Fig. 2. Phylogenetic tree of HA showing the genetic relationship of influenza A(H3N2) in Hong Kong. Nucleotide sequences were downloaded from GISAID (Supplementary Table S2). All influenza A(H3N2) strains from Hong Kong available at GISAID as of 7 January 2019 are included. Vaccine strains recommended by the World Health Organisation are highlighted in blue. H3N2-pre and H3N2-inter used in the MN assay are highlighted in green and red, respectively. The phylogenetic trees were constructed using the maximum-likelihood method with the best-fit substitution model HKY + G. Bootstrap values were calculated from 1000 trees.

Comparison of MN titers between previous epidemic strain and emerging strain

The MN titers for H1N1-inter were ⩾four-fold or ⩾eight-fold lower than those of H1N1-pre for 28.5% (127/445) and 10.3% (46/445) of individuals, respectively (Table 1). In comparison, the MN titers for the H3N2-inter were ⩾four-fold or ⩾eight-fold lower than those for H3N2-pre for only 4.9% (22/445) and 1.1% (5/445), respectively. Overall, the proportion of individuals with ⩾four-fold or ⩾eight-fold reduction in MN titers between the previous epidemic strains and the interepidemic emerging strains was significantly higher for A(H1N1) than that of A(H3N2) (P < 0.001). Subgroup analysis also showed that the proportion of individuals with ⩾four-fold reduction in MN titers between the previous epidemic strains and the interepidemic emerging strains of A(H1N1) was higher than that of A(H3N2) for all nine different age groups. The difference is most striking for the 30–39 year-old age group, in which 58% of individuals had ⩾four-fold reduction in H1N1 titer vs. 2% for H3N2.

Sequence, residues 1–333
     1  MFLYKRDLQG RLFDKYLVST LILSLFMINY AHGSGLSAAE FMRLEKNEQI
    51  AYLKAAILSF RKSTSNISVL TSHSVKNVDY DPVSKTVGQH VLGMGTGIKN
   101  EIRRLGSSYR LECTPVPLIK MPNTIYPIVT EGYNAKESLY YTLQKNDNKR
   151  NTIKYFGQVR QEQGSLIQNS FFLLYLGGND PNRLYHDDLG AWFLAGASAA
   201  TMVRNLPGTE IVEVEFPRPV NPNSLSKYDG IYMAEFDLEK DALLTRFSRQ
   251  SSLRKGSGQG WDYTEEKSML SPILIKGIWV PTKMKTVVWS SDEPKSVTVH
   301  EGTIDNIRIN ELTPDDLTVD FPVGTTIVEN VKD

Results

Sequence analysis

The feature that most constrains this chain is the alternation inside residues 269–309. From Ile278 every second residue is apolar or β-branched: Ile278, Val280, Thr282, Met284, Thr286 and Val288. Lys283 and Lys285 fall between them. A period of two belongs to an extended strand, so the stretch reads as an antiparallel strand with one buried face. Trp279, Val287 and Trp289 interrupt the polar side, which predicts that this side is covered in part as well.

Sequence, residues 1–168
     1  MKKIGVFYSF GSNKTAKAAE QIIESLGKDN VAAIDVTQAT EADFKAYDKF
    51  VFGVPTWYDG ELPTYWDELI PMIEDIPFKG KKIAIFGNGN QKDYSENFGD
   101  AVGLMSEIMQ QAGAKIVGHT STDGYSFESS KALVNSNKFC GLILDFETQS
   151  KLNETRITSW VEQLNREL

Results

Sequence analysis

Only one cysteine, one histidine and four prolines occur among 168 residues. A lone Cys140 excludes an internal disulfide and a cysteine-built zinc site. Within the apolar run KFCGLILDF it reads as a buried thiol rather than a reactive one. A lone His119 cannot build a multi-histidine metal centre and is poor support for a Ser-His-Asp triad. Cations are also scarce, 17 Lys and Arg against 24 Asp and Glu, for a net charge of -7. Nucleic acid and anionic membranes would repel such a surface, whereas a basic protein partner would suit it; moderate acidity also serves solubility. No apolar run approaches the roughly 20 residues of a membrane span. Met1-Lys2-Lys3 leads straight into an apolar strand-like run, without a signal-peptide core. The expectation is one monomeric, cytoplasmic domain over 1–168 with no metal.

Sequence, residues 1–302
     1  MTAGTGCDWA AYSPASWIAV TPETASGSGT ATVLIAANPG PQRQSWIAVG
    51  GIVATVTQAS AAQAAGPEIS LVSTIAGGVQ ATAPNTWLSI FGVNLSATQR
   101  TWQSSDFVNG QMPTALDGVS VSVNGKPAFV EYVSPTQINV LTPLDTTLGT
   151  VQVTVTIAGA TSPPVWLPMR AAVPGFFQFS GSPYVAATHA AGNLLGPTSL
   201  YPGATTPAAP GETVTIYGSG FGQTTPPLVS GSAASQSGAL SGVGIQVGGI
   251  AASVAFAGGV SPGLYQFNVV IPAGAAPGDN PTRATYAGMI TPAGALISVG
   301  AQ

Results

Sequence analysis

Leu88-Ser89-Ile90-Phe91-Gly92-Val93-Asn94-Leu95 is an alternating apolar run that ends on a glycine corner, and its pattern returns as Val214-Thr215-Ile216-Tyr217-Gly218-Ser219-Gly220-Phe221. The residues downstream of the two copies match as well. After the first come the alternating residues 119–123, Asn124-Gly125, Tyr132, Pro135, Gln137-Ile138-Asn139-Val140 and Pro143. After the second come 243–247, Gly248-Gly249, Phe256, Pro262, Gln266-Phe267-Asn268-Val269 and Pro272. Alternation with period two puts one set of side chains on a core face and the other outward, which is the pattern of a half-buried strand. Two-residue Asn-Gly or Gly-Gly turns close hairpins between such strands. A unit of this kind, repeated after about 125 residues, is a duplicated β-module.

Table 1. Comparison of microneutralisation antibody titer between influenza A virus strains representative of previous epidemics and those emerging during the interepidemic period

a n = 50 in each age group, except n = 45 for 0–9 year-old age group.